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Magrane Stops Blue Jays for First Victory as Angel : Baseball: In third start for new team, the former St. Louis Cardinal left-hander gives up five hits in seven innings.


Joe Magrane had it pegged against the Toronto Blue Jays on Saturday night at Anaheim Stadium. About time, too. His confidence and patience were starting to wear thin.

Magrane was far from perfect in defeating the Blue Jays, 4-2, before 21,530, and he was the first to say so. But second chances don't come around often and Magrane is determined to make something of his opportunity. He certainly won't quibble with the bottom line: His first victory as an Angel.

Saturday was his third start for the Angels, who signed the veteran left-hander after he had been released by the St. Louis Cardinals on Aug. 16. He has improved in each appearance, giving Manager Buck Rodgers another name to consider for his rotation next season.

Magrane (1-1) went seven strong innings, giving up five hits and two runs to the American League East-leading Blue Jays, whose lead over the Yankees was trimmed to one game. Only two of the hits went to the outfield and Magrane gave up only one walk with three strikeouts in a 90-pitch performance.

He needed help from the bullpen, and he got it from relievers Joe Grahe, who pitched a scoreless eighth, and Steve Frey, who got the game's final two outs for his team-leading 12th save, and his first since Aug. 5 against Kansas City.

A three-run triple by Eduardo Perez in the first inning proved to be all the offense the Angels needed. But just in case Magrane needed more, Tim Salmon doubled home Chad Curtis, who had doubled to extend his hitting streak to 17 consecutive games, in the fifth.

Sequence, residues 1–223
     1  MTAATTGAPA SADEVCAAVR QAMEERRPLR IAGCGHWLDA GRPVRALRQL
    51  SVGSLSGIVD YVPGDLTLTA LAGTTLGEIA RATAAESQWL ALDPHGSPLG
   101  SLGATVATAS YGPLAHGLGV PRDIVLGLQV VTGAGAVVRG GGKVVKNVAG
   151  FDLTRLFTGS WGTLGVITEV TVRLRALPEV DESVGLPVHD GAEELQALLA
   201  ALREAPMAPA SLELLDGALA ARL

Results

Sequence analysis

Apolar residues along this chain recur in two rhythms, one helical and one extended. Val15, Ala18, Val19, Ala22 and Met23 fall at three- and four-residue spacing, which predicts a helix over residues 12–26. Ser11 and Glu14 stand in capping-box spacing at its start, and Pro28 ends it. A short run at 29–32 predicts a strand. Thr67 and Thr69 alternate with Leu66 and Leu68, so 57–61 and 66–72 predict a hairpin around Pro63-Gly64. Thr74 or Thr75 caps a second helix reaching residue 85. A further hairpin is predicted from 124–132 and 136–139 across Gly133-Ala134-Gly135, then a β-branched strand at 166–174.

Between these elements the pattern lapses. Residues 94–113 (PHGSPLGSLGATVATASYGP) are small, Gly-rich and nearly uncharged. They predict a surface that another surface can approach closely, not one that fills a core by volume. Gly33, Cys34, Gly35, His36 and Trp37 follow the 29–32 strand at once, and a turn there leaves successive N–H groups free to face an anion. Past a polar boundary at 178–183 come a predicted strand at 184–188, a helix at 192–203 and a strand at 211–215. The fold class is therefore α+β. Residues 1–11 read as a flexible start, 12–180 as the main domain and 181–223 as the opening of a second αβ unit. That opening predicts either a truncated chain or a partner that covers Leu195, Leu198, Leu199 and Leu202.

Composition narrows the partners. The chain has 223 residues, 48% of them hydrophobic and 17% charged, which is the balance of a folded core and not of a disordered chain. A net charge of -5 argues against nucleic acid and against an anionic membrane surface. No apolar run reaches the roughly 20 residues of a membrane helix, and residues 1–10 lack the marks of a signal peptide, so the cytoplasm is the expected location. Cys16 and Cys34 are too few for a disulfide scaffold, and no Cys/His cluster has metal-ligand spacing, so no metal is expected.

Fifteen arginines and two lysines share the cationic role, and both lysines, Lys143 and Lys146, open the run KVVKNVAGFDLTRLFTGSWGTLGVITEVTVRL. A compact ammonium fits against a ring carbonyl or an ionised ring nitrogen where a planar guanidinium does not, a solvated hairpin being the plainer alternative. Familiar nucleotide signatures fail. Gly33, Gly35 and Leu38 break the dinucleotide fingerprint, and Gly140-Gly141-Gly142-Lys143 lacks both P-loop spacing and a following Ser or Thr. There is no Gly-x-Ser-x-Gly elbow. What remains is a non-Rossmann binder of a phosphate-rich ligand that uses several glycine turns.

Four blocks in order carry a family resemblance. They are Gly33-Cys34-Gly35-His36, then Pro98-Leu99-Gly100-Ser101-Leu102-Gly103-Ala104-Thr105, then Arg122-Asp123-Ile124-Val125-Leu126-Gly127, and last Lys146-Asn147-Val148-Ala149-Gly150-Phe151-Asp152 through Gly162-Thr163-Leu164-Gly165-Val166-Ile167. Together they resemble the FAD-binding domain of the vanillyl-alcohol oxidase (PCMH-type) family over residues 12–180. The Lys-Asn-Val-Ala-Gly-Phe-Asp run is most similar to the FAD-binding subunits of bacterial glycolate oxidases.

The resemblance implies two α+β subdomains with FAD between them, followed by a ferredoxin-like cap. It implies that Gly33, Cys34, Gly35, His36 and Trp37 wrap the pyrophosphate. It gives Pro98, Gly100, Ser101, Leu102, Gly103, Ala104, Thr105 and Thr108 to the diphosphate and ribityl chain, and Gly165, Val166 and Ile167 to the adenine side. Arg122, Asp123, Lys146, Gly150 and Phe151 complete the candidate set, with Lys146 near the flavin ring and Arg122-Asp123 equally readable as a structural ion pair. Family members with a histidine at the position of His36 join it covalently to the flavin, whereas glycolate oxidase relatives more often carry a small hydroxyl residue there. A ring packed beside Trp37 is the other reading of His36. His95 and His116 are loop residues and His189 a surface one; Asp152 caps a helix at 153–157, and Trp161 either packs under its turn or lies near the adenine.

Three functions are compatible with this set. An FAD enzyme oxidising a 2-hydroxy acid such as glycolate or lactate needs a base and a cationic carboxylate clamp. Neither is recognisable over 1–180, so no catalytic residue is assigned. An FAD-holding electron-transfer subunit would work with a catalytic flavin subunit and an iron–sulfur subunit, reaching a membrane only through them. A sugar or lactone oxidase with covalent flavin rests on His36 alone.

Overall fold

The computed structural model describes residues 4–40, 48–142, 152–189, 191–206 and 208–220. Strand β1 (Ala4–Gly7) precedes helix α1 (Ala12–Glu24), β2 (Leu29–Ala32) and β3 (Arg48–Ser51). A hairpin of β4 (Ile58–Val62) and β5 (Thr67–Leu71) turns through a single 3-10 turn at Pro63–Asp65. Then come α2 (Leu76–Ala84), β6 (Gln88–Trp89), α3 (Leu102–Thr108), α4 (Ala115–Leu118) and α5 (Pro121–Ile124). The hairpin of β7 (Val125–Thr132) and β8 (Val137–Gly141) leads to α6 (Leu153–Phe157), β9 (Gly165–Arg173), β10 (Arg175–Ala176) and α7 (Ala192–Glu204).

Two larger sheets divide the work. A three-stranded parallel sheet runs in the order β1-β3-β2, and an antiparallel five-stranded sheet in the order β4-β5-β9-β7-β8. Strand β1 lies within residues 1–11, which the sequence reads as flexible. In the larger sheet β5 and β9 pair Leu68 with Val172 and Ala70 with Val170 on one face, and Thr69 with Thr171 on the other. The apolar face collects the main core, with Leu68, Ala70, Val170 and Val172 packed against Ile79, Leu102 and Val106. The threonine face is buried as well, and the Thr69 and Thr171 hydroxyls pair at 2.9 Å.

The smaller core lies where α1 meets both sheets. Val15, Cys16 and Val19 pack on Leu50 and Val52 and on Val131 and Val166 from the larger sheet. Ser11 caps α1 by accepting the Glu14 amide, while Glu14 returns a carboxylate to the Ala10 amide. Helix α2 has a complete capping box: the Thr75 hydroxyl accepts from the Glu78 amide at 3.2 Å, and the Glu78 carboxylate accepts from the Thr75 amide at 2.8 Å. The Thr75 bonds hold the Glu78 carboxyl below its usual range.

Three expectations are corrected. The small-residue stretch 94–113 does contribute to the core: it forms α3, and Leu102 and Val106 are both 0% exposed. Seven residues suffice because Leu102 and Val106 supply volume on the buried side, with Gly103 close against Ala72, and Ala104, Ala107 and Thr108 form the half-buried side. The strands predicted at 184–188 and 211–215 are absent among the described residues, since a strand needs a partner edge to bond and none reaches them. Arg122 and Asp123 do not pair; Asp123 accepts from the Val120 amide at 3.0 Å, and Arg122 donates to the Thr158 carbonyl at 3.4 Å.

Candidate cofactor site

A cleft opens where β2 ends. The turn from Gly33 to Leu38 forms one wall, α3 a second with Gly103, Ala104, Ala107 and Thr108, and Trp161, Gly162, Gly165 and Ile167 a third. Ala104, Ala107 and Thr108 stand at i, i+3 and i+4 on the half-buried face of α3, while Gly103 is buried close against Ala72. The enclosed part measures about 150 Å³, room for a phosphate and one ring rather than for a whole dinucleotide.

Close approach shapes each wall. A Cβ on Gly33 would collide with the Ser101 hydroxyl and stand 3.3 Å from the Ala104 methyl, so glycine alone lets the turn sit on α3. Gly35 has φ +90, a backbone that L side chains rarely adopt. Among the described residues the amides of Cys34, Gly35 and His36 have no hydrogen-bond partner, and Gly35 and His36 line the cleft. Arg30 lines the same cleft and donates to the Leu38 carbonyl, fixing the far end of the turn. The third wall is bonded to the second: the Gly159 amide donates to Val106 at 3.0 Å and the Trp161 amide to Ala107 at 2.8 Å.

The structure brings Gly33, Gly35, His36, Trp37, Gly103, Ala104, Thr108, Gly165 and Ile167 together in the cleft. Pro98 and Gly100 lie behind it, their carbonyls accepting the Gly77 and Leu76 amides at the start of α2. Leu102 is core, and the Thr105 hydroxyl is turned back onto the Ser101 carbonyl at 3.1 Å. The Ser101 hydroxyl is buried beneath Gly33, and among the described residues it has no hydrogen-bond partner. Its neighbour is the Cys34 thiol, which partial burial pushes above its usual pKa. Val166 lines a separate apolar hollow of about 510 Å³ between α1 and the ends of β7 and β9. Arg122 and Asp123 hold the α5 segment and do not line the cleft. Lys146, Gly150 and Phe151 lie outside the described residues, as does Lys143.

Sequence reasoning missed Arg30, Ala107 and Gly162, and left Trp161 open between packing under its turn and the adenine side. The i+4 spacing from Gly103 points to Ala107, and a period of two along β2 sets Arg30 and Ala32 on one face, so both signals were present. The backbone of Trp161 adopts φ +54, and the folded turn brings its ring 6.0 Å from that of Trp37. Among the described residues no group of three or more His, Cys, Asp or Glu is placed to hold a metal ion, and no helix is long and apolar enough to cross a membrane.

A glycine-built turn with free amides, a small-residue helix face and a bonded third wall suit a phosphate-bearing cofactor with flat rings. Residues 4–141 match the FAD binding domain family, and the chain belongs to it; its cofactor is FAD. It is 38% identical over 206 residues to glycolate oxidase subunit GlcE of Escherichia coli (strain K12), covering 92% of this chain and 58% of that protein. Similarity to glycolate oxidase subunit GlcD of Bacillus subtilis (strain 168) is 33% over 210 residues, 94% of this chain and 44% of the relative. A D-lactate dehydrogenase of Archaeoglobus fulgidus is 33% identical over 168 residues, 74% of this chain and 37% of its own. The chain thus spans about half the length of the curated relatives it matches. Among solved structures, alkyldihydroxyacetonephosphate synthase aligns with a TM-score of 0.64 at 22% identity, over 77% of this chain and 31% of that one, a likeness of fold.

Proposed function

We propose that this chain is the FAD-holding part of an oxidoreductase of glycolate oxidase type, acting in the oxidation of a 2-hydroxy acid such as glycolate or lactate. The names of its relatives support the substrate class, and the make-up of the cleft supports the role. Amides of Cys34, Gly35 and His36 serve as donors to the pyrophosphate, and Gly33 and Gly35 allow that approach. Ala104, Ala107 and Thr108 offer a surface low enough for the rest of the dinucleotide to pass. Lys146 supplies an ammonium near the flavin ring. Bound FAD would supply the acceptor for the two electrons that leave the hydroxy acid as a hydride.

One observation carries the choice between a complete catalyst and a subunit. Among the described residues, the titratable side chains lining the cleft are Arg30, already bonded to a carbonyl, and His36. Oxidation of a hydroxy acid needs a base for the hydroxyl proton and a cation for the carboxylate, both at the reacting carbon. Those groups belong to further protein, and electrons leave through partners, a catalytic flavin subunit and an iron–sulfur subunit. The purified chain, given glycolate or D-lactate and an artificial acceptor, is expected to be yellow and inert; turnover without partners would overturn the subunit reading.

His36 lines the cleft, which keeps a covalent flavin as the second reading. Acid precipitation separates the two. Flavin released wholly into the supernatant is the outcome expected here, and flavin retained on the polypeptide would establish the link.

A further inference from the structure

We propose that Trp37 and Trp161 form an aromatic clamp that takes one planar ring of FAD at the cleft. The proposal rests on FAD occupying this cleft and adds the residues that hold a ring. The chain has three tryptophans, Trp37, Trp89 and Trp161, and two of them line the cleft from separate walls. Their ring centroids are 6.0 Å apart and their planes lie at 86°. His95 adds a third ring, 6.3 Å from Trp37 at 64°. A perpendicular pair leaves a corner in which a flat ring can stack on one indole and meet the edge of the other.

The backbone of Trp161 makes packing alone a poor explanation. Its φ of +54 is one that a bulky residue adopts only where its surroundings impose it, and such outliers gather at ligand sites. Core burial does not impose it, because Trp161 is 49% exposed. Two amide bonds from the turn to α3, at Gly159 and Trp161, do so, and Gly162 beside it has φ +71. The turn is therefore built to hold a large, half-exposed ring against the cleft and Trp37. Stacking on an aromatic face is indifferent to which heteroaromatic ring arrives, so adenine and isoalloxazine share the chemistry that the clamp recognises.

"I was actually able to get back close to the way I used to pitch," said Magrane, who is still recovering from "Tommy John" elbow surgery. "It was very gratifying to do this against Toronto with their murderers'-row lineup."

Greg Myers, who caught Magrane's Angel debut in a lackluster loss to the Milwaukee Brewers on Aug. 22, said there was no comparison between the two starts.

"He had real good command," Myers said. "He was working the ball in and out. He seemed a lot more relaxed and had a lot more control as far as stuff goes."

Rodgers hopes Magrane is sound enough to pitch again in five days. He was sore and stiff after a no-decision at Milwaukee on Aug. 27.

"This was a nice follow-up to the Milwaukee start," Rodgers said. "Hopefully, he fares better physically and is ready to go again."

Rodgers couldn't have been more pleased with the way Saturday's start turned out.

Before the game, he said he hoped Magrane could last six to seven innings, give up two walks at the most and stay ahead of the hitters.

"He was just about on the button for what we talked about before the game," Rodgers said. "He threw with a more consistent delivery tonight. He did a good job against a very good ballclub with good hitters."

Paul Molitor continued to batter Angel pitching, bunting for a single in the first and hammering a run-scoring single that caromed off first baseman J.T. Snow in the third. That ran his streak of consecutive hits against the Angels to six. Molitor, the league's No. 2 hitter with a .334 average, had four singles in Friday's 4-1 loss.

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